The Rise and Fall of Kyle Bass

Kyle Bass was born in Miami, Florida on September 7, 1969. After completing his business education at Texas Christian University, it seemed as if Bass was well on his way to becoming a top hedge fund manager. Indeed, Bass would achieve many successes including founding Hayman Capital Management in Dallas. However, despite his early successes, the more recent years of his career has seen troubling ethical and financial questions arise.

After leaving Legg Mason, INC as a managing director, Bass set out on his own and started his hedge fund in 2006: Hayman Capital Management. It would be with this fund that Bass would enter the financial world spotlight and become a rising superstar of investing. In 2007 he took advantage of the subprime mortgage crisis when he betted against residential mortgage backed securities that he predicted were likely to default. After the ensuing mass of foreclosures that spread all over the country, Bass became well-known for correctly predicting and benefiting from this crisis.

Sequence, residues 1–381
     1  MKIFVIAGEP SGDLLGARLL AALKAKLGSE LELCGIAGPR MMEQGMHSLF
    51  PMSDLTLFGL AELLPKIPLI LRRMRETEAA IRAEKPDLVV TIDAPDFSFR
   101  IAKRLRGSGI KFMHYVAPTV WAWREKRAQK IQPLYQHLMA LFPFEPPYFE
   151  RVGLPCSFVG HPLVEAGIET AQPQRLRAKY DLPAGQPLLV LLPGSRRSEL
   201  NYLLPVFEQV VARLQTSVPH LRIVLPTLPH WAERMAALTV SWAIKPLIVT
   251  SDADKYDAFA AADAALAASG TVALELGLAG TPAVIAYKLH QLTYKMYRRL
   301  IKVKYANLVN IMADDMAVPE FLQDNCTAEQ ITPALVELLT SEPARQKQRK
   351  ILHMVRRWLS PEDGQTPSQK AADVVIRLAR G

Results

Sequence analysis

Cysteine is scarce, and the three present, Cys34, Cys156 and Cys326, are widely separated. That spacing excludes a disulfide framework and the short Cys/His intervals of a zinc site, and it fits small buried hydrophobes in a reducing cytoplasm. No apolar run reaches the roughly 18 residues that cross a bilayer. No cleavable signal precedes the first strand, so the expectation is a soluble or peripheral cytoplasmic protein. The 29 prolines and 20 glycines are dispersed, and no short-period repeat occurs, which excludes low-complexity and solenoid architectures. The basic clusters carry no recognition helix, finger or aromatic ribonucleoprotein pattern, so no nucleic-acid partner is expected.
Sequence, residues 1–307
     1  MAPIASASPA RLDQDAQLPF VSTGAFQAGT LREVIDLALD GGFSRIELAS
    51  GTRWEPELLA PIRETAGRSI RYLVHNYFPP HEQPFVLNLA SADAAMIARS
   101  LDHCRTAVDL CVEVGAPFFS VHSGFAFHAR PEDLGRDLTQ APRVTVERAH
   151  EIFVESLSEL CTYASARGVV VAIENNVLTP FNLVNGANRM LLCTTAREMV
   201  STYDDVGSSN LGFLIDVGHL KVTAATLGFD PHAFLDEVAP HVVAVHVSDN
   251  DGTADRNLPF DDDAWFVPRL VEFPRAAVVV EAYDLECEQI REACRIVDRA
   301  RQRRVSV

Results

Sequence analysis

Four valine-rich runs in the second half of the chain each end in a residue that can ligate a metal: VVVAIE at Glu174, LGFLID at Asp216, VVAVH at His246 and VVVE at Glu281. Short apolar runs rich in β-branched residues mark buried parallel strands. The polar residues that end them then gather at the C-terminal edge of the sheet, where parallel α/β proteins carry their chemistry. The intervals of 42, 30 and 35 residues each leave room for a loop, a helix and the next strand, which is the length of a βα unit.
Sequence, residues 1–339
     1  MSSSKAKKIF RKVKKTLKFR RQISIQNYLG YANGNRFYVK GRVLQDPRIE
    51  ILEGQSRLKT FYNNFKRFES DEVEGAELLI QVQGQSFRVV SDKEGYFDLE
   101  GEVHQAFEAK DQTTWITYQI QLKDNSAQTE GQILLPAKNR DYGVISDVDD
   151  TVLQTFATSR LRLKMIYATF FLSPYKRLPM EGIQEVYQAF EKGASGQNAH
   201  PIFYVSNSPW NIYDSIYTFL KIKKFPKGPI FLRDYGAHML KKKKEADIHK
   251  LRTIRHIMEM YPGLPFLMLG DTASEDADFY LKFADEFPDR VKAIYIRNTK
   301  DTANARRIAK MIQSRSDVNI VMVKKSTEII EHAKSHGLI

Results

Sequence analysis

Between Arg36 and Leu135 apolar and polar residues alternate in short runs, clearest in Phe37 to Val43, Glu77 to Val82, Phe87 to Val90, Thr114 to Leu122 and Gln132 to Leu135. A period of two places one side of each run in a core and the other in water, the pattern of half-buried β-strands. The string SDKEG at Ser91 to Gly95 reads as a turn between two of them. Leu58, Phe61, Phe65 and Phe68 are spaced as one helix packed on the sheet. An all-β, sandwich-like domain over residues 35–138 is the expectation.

After he was thrust into the media spotlight and began to give his investment analysis to viewers, he did not fare so well. One such misguided analysis was his support of Argentinian President Cristina Fernández de Kirchner and her failed economic policies. When Argentina defaulted on its debt for the 2nd time in thirteen years, Bass continued to advocate Fernandez’s economic policies for Argentina. The New York Post even compared Bass to leftist Argentinian economy minister Axel Kicillof.

His work via the Coalition for Affordable Drugs is perhaps even more notorious and raises many ethical questions. Bass is accused of selecting specific pharmaceutical firms, short selling their stocks, and then challenging their patents through the Coalition. The result is that the stock prices of these companies plunge, allowing him to make hefty profits. The situation has got to the point where the Patent Trial and Appeals Board-a government agency- is weighing options to formally sanction Bass for abusing the system via his many patent challenges.

In an almost complete reversal since his founding days of Hayman in 2006, it was estimated that Bass had lost almost 30% in 2014. According to Jim McTague , who wrote an article on Bass’s “comeback” plan, Bass is currently betting on rising oil prices. Bass is also still supportive and optimistic on the Argentinian economy. Given his recent track record, many investors may well proceed with extreme caution prior to taking action on these assumptions.

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